For some time, John the Baptist had been preaching to the nation Israel, calling men to repentance in preparation for the coming of Messiah. At that time, even John the Baptist did not know for certain who the Messiah was. And so he spoke about Him in general terms.
6 A man came, sent from God, whose name was John. 7 He came as a witness to testify about the light so that everyone may believe through him. 8 He himself was not the light, but he came to testify about the light. 9 The true light, who gives light to everyone, was coming into the world (John 1:6-9).
John testified about him and cried out,
“This one was the one about whom I said, ‘He who comes after me is greater than I am, because he existed before me’” (John 1:15).
26 John answered them, “I baptize with water. Among you stands one whom you do not know, 27 who comes after me. I am not worthy to untie the strap of his sandal” (John 1:26-27).
Finally, God revealed the identity of the Messiah to John as he was baptizing Jesus:
30 “This is the one about whom I said, ‘After me comes a man who is greater than I am, because he existed before me.’ 31 I did not recognize him, but I came baptizing with water so that he could be revealed to Israel.” 32 Then John testified, “I saw the Spirit descend as a dove from heaven, and it remained on him. 33 And I did not recognize him, but the one who sent me to baptize with water said to me, ‘The one on whom you see the Spirit descending and remaining, this is the one who baptizes with the Holy Spirit.’ 34 I have both seen and testified that this man is the Chosen One of God” (John 1:30-34).
John was quick to point out to his disciples and others that Jesus was the One of whom he had been speaking. It was not long before several disciples attached themselves to Jesus, traveling along with Him, and even staying with His family in Capernaum (John 1:35ff.). They accompanied our Lord to the wedding at Cana of Galilee (2:1-2). It certainly seemed that it was time for Jesus to make His debut as Israel’s Messiah. This may have been in Mary’s mind when she informed Jesus that the wedding party had run out of wine. Jesus provided the wine, but He did so in a way which kept His identity—and even His power—a secret.
A few days later, Jesus and His disciples went up to Jerusalem, where our Lord publicly proclaimed His identity in a most unusual way. He cleansed the temple by driving out the sheep and the oxen, and also the men who were making His Father’s house a place of business. While John does not call this a “sign,” it surely was a “statement” by our Lord, a very public statement. Jesus was not merely correcting some evil; He was doing so as One who had the right to do so—Israel’s Messiah.
In Jerusalem, Jesus was beginning to gain a following. This looked like the start of something big. It is precisely that for which the disciples had hoped. It is what our Lord’s brothers almost defied Him to do (see John 7:1-5). One would expect our Lord to “fan the flames” of His rising popularity and expand the ranks of His followers. Instead, we read these words, which are not recorded in any other Gospel: “But Jesus was not entrusting himself to them, because he knew all people. 25 He did not need anyone to testify about man, for he knew what was in man” (John 2:24-25).
What does Jesus have against popularity and large numbers? What does it mean when John tells us that Jesus would not “entrust Himself” to these people who believed in Him? Why does Jesus keep His distance from those who want to be near Him? What are we to learn from all this? The purpose of this message is to learn the answers to these questions, and then to explore their implications for Christians today. It is my belief that these three verses which conclude the second chapter of John set the stage for chapters that follow. Let us listen closely to the words of John, and let us look to the Spirit of God to interpret and apply them to our hearts and lives.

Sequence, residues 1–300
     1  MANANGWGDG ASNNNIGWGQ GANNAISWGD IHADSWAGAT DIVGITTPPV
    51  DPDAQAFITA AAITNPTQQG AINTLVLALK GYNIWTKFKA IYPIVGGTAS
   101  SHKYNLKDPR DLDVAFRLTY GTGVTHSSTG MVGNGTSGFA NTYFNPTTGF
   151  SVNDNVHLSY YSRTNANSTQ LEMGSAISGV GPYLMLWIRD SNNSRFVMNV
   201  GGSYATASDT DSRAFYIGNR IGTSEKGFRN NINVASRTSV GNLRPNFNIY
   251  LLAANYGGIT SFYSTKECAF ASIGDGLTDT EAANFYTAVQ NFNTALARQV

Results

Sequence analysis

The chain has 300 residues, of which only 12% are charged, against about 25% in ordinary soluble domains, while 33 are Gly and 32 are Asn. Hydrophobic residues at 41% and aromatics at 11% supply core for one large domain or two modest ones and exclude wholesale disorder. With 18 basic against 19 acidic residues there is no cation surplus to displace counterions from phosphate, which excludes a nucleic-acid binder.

Now while Jesus was in Jerusalem at the feast of the Passover, many people believed in his name because they saw the miraculous signs he was doing.
A few days before this, our Lord turned the ceremonial cleansing water into wine. He then went up to Jerusalem with His disciples. Upon His arrival at the temple, Jesus drove out those who had made “His Father’s house” a place of business. One might think that this temple cleansing was counter-productive, so far as our Lord’s popularity is concerned. Other than making Jesus unpopular with the religious elite, this does not seem to be the case at all. In reading the Gospels, one does not get the impression that the Jewish religious leaders were exceedingly popular. They seem to have been arrogant snobs, who cared little about the common people and much about their position and power. Listen to the response of these leaders to the officers who were sent to arrest Jesus when they came back empty handed:
45 Then the officers returned to the chief priests and Pharisees, who said to them, “Why didn’t you bring him back with you?” 46 The officers replied, “No one ever spoke like this man!” 47 Then the Pharisees answered, “You haven’t been deceived too, have you? 48 None of the rulers or the Pharisees have believed in him, have they? 49 But this rabble who do not know the law are accursed!” (John 7:45-49, emphasis mine.)
The religious elite did not appear to share the attitude of the common people toward the rule of Rome. The common people seemed eager to “throw the rascals out.” They seemed to look to the Messiah to do this. But listen to the words of the chief priests and Pharisees, when they realize how popular Jesus has become, due in part to the recent raising of Lazarus:
47 Then the chief priests and the Pharisees called the council together and said, “What are we doing? For this man is performing many miraculous signs. 48 If we allow him to go on in this way, everyone will believe in him, and the Romans will come and take away our sanctuary and our nation” (John 11:47-48).